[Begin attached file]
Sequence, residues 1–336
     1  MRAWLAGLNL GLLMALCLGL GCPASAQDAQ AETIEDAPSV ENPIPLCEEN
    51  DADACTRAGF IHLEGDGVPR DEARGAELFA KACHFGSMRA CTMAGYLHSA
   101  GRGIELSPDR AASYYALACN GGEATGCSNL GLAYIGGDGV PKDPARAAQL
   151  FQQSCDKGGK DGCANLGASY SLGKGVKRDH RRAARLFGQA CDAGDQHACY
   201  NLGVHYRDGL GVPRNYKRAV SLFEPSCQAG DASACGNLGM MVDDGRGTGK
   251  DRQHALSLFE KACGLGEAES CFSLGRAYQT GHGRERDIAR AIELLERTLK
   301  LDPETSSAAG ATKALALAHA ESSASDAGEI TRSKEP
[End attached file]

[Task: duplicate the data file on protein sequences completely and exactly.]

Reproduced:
Sequence, residues 1–336
     1  MRAWLAGLNL GLLMALCLGL GCPASAQDAQ AETIEDAPSV ENPIPLCEEN
    51  DADACTRAGF IHLEGDGVPR DEARGAELFA KACHFGSMRA CTMAGYLHSA
   101  GRGIELSPDR AASYYALACN GGEATGCSNL GLAYIGGDGV PKDPARAAQL
   151  FQQSCDKGGK DGCANLGASY SLGKGVKRDH RRAARLFGQA CDAGDQHACY
   201  NLGVHYRDGL GVPRNYKRAV SLFEPSCQAG DASACGNLGM MVDDGRGTGK
   251  DRQHALSLFE KACGLGEAES CFSLGRAYQT GHGRERDIAR AIELLERTLK
   301  LDPETSSAAG ATKALALAHA ESSASDAGEI TRSKEP